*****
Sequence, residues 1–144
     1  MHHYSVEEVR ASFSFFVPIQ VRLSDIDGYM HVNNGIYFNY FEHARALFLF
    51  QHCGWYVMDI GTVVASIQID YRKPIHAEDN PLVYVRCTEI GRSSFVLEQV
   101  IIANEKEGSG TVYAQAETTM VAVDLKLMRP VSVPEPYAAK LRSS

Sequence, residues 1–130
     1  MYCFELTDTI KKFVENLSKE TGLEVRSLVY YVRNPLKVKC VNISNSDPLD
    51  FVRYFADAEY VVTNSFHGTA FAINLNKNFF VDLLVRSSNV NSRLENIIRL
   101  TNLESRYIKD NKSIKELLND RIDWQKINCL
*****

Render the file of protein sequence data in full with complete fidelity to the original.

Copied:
Sequence, residues 1–144
     1  MHHYSVEEVR ASFSFFVPIQ VRLSDIDGYM HVNNGIYFNY FEHARALFLF
    51  QHCGWYVMDI GTVVASIQID YRKPIHAEDN PLVYVRCTEI GRSSFVLEQV
   101  IIANEKEGSG TVYAQAETTM VAVDLKLMRP VSVPEPYAAK LRSS

Sequence, residues 1–130
     1  MYCFELTDTI KKFVENLSKE TGLEVRSLVY YVRNPLKVKC VNISNSDPLD
    51  FVRYFADAEY VVTNSFHGTA FAINLNKNFF VDLLVRSSNV NSRLENIIRL
   101  TNLESRYIKD NKSIKELLND RIDWQKINCL